The Power of Disguise: Emotional and Ethical Appeal
In Charles Whelan’s 2011 Class Day Speech, six meaningful, yet traditionally ‟unconventional” pieces of advice, are delivered to the Dartmouth graduates. Wheelan immediately grasps the attention of the graduates when he begins by ensuring them that his commencement speech will contain distinct values, by which he states, ‟ so this will be less conventional” (par. 2). ‟Conventional,” in this context, refers to a commonly accepted speech which contains more logical appeal, reasoning and formality rather than a portrayal of emotional and ethical appeal. Wheelan simply shies away from the standardized speech one expects to hear, in which he implies to captivate the listeners with his humorous nature as well as motivate them in achieving success. His biggest strength is being able to empathize with the audience, despite the use of limited logical appeal. To provoke sudden interest and amusement in the Dartmouth graduates, Charles Wheelan adds a tone of elitism and uses emotional and ethical appeal in attempt to disguise a conventional speech as an unconventional one. To satisfy this appeal, he uses anecdotes, candid opinions and humour, which attract both positive and negative energy in the crowd.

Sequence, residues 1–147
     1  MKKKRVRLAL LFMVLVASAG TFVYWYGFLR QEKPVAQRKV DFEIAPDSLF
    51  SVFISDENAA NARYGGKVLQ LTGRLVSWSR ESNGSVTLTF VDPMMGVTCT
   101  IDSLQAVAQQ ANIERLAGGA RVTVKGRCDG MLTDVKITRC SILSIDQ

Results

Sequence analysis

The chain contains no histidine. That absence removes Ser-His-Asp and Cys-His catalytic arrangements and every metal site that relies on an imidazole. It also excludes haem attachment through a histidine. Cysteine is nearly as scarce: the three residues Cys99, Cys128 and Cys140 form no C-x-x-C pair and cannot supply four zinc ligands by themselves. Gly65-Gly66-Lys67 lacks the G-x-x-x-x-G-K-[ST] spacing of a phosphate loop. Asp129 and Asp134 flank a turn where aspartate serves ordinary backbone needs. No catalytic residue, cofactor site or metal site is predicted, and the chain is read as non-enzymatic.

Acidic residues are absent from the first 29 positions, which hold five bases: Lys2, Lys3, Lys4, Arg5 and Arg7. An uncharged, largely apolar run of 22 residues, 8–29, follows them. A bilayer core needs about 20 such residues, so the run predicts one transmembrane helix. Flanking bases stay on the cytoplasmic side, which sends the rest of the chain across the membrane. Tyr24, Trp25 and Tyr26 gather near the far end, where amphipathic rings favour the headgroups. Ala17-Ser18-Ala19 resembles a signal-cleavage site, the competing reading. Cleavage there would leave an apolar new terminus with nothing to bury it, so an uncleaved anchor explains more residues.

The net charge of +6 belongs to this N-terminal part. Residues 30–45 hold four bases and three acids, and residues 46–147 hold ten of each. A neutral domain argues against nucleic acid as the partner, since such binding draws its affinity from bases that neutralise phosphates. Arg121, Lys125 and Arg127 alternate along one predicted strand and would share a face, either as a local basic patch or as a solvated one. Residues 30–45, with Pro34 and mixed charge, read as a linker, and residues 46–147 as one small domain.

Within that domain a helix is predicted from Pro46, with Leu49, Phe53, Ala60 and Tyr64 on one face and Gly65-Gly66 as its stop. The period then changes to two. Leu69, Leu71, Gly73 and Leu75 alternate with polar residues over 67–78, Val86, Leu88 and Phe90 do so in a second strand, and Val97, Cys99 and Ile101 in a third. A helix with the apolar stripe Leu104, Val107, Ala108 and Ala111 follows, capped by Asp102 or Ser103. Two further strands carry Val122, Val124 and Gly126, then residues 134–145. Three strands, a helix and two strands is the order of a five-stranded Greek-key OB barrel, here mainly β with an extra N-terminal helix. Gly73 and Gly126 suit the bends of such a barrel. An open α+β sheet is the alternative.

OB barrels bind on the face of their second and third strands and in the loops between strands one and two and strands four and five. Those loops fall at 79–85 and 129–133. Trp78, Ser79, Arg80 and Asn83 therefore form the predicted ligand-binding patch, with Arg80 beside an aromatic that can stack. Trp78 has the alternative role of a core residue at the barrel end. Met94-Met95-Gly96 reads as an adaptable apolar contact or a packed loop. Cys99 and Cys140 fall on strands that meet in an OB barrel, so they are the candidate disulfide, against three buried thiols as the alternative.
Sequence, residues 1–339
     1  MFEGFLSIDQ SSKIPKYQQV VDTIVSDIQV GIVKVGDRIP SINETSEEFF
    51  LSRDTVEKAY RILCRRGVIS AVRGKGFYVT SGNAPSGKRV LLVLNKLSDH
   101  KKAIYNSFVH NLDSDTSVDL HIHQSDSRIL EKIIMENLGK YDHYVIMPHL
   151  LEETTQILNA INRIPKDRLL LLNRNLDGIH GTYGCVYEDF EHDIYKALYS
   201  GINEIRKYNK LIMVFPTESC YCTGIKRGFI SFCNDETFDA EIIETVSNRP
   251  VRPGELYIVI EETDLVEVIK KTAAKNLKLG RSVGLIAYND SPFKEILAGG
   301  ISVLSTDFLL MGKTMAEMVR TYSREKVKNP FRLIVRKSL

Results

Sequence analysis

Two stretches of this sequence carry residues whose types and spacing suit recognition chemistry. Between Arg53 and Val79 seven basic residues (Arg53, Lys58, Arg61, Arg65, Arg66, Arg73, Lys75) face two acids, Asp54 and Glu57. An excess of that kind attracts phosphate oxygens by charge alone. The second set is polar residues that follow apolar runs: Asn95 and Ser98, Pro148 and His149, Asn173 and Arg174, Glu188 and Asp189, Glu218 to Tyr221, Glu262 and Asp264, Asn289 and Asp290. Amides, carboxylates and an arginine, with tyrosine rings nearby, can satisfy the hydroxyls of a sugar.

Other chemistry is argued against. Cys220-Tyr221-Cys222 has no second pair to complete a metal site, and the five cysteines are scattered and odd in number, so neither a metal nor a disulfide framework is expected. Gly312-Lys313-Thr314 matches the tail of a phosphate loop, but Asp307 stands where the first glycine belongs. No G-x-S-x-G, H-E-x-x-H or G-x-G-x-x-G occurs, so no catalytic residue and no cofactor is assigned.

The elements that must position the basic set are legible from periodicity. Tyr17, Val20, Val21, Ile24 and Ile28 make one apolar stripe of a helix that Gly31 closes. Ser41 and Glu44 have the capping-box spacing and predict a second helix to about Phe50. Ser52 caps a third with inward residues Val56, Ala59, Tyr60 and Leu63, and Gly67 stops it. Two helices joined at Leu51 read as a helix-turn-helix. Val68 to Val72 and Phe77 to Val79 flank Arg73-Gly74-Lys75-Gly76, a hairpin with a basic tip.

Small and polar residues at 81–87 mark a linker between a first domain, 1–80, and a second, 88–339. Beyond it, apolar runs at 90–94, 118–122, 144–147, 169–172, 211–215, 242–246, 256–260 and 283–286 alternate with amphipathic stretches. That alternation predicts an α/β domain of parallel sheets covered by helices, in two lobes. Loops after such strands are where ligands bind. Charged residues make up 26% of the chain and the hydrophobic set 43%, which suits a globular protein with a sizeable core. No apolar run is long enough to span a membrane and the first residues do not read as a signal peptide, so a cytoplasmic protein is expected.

To inspire and empathize with the graduates, Wheelan uses anecdotes to justify and support his various claims. He begins by referring back to one of his personal encounters, in which he goes on about his old roommate John, who struggles to find a job on Wall Street despite his academic success and numerous qualifications. Wheelan genuinely prepares and informs the listeners; ‟you will face extended periods of grinding self-doubt and failure” (par. 13). However, due to John`s endurance and positive outlook on life, he works as the former CEO of Rosewood Hotels. Wheelan`s life perspectives and experiences are an exceptional portrayal of emotional appeal as it allows the graduates to relate, and understand that success is often associated with failure. The underlying economic message is that not all Ivy League students end up living a prestigious or glamorous life. Overall, the use of anecdotes attracts a positive response from the audience.
Wheelan`s bias becomes overt when he reveals his candid opinions, which adds a tone of elitism to his speech. He distinguishes between the wealthy and income constrained population through his perspectives on high school dropouts, ‟it’s true that high school drop outs are more likely to steal cars or go to prison or end up on welfare” (par.19). His reflection is extremely ignorant due to the fact that high school students not only drop out due to a lack of interest, but also because of disabilities, a socioeconomic background, academic factors, or even occupational aspirations. Furthermore, despite Wheelan`s blunt remarks…